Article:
If not for his relationship with a Hollywood headhunter, Dan Glickman might never have made the leap, as he puts it, "from soybeans to Spielberg."
Glickman, the former secretary of Agriculture under President Clinton, first met executive recruiter Leslie Hortum a few years ago when she called him as a reference on another prospect. The two talked periodically after that. Once, Hortum had a job to pitch. Later, Glickman mused about a position he might want: the head of the powerful trade group the Motion Picture Assn. of America.
"If Jack Valenti's job ever comes up, you can call me," Glickman told Hortum years before Hollywood's venerable white-haired lobbyist decided to retire.
So in February, when the MPAA hired Hortum's firm to find Valenti's successor, she knew that Glickman was not only interested but also qualified. A movie buff with a son in the entertainment business, he had experience negotiating trade deals and could work across partisan lines in Congress to push Hollywood's agenda.
Glickman remembers picking up the phone at Harvard's John F. Kennedy School of Government, where he was teaching, and hearing Hortum's voice. "I thought, 'Gee, this is great. I'm in the hunt.' " Several months later, the hunt was over: The former Cabinet secretary was named to the job, which pays a million-plus dollars a year.
Time was, nepotism ruled Hollywood hiring. For decades, the practice of promoting relatives to fill top executive jobs was so common that wags had a saying for it: "The son-in-law also rises." Who job candidates knew was at least as important as what they knew, and executive recruiters were viewed with suspicion. Why pay an outsider, the reasoning went, to assemble a list of insiders already in your Rolodex?
No longer. As movie studios and television networks have been gobbled up by global media conglomerates, and as corporate scandals have highlighted the importance of finding leaders with both broad management experience and sterling integrity, professional headhunters have garnered a level of clout unthinkable 20 years ago.
"Recruiters have become in many ways the quintessential matchmakers in Hollywood," said Bob Pisano, a former executive at Paramount Pictures and Metro-Goldwyn-Mayer who landed his current position -- chief executive of the Screen Actors Guild -- after being wooed by a recruiter.
Increasingly, boards of directors are turning to recruiters to give them cover and credibility, shielding them from accusations of favoritism. The best headhunters combine the schmoozing talents of an agent, the discretion of a spy and the investigative instincts of a private eye. These days, it is the rare top-level job that gets filled without their input.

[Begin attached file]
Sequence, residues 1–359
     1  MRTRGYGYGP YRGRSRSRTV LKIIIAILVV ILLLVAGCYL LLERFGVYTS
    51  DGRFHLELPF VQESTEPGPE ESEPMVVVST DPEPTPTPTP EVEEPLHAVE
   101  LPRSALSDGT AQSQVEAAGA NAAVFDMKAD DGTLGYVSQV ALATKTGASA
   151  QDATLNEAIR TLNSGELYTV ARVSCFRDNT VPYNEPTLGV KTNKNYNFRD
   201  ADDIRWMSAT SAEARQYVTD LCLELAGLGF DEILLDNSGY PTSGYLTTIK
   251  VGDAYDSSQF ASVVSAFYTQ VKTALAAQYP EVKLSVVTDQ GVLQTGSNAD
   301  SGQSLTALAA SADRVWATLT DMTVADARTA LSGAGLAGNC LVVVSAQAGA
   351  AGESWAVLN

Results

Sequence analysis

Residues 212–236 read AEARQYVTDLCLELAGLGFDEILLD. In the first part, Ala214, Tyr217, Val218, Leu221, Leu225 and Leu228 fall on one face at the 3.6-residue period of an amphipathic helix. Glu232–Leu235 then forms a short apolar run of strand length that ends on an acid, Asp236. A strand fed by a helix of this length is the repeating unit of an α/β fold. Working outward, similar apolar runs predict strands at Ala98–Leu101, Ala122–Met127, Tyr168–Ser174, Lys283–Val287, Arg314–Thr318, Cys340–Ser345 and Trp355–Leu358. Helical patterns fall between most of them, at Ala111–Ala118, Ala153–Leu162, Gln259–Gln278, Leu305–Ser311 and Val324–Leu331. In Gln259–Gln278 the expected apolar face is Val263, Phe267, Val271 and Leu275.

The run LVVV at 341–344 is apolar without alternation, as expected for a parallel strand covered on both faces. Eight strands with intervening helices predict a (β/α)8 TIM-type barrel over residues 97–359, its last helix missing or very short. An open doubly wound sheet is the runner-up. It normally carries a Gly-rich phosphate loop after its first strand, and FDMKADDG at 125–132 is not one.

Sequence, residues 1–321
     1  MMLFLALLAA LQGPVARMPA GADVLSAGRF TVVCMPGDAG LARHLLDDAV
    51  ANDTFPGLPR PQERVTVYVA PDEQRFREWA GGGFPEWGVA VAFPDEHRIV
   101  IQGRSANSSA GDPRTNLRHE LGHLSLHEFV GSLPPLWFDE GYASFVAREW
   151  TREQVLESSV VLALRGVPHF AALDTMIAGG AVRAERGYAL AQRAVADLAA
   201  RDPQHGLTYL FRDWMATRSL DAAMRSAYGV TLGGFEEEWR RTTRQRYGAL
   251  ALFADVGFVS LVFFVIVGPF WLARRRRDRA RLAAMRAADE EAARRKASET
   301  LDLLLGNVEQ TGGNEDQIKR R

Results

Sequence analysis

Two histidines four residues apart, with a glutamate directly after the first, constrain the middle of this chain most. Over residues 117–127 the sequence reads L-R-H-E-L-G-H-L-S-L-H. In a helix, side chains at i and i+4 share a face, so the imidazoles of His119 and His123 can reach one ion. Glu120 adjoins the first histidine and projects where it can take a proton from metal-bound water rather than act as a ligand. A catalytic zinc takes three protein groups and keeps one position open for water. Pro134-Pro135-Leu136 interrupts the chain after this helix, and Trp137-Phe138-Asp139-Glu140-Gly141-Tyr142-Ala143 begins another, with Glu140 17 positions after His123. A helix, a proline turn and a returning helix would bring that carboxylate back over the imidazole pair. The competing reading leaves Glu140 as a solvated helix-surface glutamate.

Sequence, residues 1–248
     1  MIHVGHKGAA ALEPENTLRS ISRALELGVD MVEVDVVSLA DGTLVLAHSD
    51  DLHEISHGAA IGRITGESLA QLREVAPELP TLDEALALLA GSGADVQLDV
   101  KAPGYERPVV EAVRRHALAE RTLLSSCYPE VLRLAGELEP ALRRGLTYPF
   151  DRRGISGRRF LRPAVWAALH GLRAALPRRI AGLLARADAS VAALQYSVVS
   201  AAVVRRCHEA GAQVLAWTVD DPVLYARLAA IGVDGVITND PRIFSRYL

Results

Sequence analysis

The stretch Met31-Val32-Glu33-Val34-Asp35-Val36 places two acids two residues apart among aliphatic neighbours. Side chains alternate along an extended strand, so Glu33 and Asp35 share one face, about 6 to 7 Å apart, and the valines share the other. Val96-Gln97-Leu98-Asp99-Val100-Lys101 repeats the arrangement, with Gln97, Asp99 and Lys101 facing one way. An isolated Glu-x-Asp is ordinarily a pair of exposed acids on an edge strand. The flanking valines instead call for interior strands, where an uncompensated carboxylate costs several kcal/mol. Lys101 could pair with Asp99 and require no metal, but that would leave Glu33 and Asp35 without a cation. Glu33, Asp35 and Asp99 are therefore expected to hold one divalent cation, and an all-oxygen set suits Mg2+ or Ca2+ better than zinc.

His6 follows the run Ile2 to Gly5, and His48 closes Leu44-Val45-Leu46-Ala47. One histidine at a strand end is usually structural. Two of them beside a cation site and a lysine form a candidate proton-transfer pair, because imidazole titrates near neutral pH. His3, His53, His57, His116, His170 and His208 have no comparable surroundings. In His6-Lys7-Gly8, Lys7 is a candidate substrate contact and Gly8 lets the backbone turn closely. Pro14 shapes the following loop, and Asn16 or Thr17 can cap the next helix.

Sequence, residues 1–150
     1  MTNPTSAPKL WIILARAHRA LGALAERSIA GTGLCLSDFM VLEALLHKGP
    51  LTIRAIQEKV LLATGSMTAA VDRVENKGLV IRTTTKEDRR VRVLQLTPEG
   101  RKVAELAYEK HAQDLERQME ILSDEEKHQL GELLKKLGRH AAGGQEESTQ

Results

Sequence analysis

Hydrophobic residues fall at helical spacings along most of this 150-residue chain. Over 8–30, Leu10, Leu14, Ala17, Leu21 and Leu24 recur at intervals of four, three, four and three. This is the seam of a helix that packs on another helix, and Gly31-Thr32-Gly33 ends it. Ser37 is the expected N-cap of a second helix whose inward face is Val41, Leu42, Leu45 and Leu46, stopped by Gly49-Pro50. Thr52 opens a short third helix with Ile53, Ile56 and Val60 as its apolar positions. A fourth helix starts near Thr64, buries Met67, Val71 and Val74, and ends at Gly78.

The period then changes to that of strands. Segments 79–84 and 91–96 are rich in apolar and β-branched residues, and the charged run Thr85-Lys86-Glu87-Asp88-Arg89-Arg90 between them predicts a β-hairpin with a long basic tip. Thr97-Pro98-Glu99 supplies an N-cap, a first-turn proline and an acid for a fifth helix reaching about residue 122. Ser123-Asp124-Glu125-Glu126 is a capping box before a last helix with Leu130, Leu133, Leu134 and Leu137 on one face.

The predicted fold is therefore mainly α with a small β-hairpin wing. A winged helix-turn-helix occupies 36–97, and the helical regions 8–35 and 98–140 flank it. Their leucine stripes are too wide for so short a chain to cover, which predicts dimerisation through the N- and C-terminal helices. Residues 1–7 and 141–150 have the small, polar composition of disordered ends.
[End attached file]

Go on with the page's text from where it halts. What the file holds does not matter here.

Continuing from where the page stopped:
In 2001, search firm Spencer Stuart, which the MPAA later hired to find Glickman, helped recruit former Warner Bros. co-Chairman Terry Semel to head Yahoo Inc. In 2002, Heidrick & Struggles helped land Todd Leavitt, a former managing director of a television show packaging firm, as president of the Academy of Television Arts & Sciences.
Now, as one of the industry's most closely watched succession battles unfolds at Walt Disney Co., the company's board has hired Heidrick & Struggles to search for a replacement for Chief Executive Michael Eisner, who is expected to retire sometime after his successor is named by June.
More than any other, this search -- and Hollywood's reaction to it -- shows how recruiters have become major players whose alliances with particular companies or executives can seem to influence where power will shift next.
One of the leading candidates for Eisner's job, for example, is Peter Chernin, president of News Corp. Some believe that if Disney had tapped Spencer Stuart, which has conducted many searches for News Corp., it could have tipped the scales in Chernin's favor.
Instead, some prognosticators think that in-house candidate and Disney President Robert Iger got an edge when the company hired Heidrick & Struggles, which has worked with some Disney directors in the past. Eisner has endorsed Iger for the job.
Loyalties, however, are constantly shifting, in part because it is in every headhunter's interest to be a friend to all, enemy to none.
"It all comes down to relationships," said Stephen Unger, who over the years has been managing partner of media/entertainment at three of the largest executive search firms and who now runs his own boutique firm, KSMU. "It's an endless chain. If you're doing well, it feeds upon itself."
As long as there's movement -- or churn -- a savvy Hollywood recruiter can do very well, indeed. Typically, recruiters pocket one-third of the first-year compensation package (including salary, bonuses and stock options) negotiated for the person whose head is successfully hunted. Given Hollywood's monumental paychecks, a firm can make more than $600,000 on a single successful search.